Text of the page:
d wounded was as follows: Soldiers killed-Addison O. Whitney, a young mechanic, of Lowell, Massachusetts; Luther C. Ladd, another young mechanic, also from Lowell; Charles A. Taylor, decorative painter, from Boston, and Sumner II. Needham, a plasterer from the same city-4. A number of soldiers were wounded. The citizens killed were: Robert W. Davis, Philip S. Miles, John McCann, John McMahon, William R. Clark, James Carr, Francis Maloney, Sebastian Gill, William Maloney, William Reed, Michael Murphy, Patrick Griffith--12. Wounded-Frank X. Ward, Coney, James Myers, and a boy whose name was not ascertained-4. The fact that more of the troops were not killed is to be ascribed to the fact that the citizens had no arms except paving-stones. Many more of the citizens were wounded beside those whose names were returned, and, perhaps, some more were killed. The lower classes generally concealed their injuries. The death of Mr. Robert W. Davis was one of the most tragic incidents of
Isaac R. Trimble (search for this): chapter 56
Lincoln and his Cabinet were greatly annoyed by this fire in the rear, and it was decided that the city must be reduced to submission as soon as possible. The President and his advisers wisely concluded, however, to allow things to remain as they were until the excited passions of the multitude had subsided. After the retreat of the volunteer troops from Ashland, the city was placed under patrol, guard-houses were established, and every precaution was taken to prevent a surprise. Colonel Isaac R. Trimble, who afterward became a general in the Confederate service, was placed in command of the ununiformed volunteers, and took possession of the Northern Central Railroad depot, where a regular camp was established. A curious feature of the preparations for defense was the tender, on the part of several hundred colored men, of their services against the Yankees! The Mayor thanked them for the offer, and informed them that their services would be called for if required. Colonel Huge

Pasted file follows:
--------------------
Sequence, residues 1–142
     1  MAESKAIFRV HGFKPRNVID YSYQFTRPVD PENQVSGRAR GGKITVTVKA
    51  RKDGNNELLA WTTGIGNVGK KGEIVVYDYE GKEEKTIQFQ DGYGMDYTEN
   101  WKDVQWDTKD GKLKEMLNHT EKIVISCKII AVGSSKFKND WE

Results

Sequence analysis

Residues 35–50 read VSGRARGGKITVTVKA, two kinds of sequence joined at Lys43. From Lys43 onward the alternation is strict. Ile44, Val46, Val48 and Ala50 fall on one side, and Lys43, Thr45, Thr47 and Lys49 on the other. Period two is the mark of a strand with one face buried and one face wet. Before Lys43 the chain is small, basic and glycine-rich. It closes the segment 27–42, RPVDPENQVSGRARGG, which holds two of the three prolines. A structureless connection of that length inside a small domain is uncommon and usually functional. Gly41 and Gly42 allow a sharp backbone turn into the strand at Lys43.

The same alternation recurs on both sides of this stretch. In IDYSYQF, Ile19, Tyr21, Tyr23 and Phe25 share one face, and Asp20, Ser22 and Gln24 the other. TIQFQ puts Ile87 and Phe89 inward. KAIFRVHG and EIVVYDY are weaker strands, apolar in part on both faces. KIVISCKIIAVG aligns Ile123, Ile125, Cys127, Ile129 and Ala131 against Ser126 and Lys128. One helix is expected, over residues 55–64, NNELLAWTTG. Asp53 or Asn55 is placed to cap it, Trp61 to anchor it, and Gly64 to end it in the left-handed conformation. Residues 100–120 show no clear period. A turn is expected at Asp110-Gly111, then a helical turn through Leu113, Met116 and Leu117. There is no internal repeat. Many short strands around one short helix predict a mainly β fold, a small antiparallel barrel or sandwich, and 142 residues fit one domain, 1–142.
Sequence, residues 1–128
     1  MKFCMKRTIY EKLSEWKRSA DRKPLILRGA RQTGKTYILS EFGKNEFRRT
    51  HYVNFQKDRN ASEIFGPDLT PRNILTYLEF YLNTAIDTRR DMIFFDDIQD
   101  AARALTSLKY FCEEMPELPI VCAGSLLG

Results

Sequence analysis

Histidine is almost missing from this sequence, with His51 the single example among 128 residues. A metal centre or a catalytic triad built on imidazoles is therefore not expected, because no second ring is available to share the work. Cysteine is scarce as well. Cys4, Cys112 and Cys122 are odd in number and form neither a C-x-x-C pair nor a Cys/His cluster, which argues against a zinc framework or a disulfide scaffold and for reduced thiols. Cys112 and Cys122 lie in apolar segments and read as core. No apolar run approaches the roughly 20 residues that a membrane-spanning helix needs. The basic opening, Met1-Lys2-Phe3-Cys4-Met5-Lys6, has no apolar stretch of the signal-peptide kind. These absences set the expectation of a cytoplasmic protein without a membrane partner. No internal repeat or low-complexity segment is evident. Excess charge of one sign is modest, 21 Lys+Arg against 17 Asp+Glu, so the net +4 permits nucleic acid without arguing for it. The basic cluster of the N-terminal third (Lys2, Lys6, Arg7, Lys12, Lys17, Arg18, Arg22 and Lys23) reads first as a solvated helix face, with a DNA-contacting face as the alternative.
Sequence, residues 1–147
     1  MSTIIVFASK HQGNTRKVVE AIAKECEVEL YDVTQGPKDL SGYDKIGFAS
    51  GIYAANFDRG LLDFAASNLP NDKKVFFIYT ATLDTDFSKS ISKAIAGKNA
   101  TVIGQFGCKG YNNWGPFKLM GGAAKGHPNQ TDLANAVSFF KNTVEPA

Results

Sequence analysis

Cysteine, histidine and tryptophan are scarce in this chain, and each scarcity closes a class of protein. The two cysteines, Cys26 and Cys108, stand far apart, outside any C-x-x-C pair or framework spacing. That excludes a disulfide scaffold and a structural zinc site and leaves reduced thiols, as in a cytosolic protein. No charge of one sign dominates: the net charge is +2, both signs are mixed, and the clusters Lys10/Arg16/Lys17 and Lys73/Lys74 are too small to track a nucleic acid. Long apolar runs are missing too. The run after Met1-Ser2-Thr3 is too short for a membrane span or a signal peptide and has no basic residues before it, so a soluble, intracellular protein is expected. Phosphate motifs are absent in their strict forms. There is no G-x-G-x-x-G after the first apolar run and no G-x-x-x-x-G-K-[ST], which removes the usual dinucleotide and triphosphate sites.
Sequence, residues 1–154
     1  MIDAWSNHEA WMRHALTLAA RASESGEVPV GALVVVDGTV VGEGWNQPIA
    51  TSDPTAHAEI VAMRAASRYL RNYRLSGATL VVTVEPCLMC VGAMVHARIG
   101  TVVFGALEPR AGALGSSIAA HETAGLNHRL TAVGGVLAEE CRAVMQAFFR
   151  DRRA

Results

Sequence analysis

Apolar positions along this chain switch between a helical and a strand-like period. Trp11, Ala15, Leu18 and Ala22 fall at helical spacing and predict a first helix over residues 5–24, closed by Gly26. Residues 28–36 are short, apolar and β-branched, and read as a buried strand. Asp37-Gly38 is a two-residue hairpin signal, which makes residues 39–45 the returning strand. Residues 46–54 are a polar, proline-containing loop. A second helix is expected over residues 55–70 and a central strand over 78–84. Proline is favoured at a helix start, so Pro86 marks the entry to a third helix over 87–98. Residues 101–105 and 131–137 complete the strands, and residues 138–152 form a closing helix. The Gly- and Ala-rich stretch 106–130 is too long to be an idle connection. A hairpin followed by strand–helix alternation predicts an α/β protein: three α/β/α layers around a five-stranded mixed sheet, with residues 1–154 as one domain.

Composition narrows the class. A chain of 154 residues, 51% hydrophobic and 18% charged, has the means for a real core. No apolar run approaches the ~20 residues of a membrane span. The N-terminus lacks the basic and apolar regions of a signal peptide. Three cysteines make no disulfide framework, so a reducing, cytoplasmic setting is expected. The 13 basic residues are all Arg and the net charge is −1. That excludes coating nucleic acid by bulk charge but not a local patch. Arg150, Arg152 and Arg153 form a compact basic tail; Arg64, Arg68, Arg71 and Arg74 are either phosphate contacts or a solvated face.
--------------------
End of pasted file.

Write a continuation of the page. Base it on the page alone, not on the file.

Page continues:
George William Brown (search for this): chapter 56
he Mayor of Baltimore, at the time, was George William Brown, now Chief Judge of the Supreme Bench oI think I may say, with perfect truth, that Mayor Brown and the Chief of Police, notwithstanding there about to enter the city was received by Mayor Brown about ten o'clock. Mr. Brown at once repairMr. Brown at once repaired to the office of the Police Commissioners, but found that the Marshal of Police had already gone the scene. What followed is best given in Mayor Brown's own words: On arriving at the heareat respect, your obedient servant, George Wm. Brown, Mayor. To His Excellency, Abraham Linco follows: Washington, April 20th, 1861. To Mayor Brown, Baltimore: We have seen the President a. In response to the general sentiment, Mayor Brown, on Saturday morning, issued the following:the office of the Marshal of Police. George Wm. Brown, Mayor. The promptness and heartine feared: camp at Relay, Saturday, P. M. To Mayor Brown: Sir:--I represent General Butler at thi[4 more...]
William Byrne (search for this): chapter 56